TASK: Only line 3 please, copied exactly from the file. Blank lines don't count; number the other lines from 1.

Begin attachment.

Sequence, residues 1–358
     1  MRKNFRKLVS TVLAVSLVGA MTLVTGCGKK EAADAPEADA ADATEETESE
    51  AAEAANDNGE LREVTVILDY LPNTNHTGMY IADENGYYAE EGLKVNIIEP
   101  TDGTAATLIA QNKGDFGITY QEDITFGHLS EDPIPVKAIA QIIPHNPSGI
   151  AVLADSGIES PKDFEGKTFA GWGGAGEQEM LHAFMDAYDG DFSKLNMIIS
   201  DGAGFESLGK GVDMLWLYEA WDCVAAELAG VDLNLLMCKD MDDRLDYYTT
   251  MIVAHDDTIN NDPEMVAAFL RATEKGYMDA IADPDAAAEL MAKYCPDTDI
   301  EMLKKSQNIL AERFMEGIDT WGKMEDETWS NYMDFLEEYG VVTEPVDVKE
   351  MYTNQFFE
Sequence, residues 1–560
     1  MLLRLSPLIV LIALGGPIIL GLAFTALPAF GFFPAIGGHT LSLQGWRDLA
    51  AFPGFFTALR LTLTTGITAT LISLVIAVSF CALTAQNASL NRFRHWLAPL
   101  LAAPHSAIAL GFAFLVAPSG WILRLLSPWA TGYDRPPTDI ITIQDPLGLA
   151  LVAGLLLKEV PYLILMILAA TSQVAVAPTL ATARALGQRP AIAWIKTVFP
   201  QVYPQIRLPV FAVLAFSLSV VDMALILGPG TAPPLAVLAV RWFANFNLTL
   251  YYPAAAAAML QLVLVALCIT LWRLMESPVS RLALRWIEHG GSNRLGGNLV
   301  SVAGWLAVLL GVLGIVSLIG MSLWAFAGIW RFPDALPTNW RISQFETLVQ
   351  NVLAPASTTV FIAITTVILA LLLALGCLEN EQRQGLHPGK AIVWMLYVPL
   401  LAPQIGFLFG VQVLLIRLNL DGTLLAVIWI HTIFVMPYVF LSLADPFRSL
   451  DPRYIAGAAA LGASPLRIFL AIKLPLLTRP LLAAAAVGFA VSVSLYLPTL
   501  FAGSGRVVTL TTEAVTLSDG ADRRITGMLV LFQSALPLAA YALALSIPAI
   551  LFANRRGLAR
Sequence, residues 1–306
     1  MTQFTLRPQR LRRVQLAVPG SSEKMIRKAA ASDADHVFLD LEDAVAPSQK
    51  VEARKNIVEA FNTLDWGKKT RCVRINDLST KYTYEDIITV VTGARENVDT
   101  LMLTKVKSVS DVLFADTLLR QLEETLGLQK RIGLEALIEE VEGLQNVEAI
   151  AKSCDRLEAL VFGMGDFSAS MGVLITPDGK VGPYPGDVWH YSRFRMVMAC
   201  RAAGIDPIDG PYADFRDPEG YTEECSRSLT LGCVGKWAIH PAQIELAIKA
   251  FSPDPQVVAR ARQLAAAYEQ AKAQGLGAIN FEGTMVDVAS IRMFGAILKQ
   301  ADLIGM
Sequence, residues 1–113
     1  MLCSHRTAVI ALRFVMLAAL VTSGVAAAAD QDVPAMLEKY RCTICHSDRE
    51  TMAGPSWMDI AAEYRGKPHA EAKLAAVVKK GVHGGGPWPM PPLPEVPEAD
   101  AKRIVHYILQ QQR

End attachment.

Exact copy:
    51  AAEAANDNGE LREVTVILDY LPNTNHTGMY IADENGYYAE EGLKVNIIEP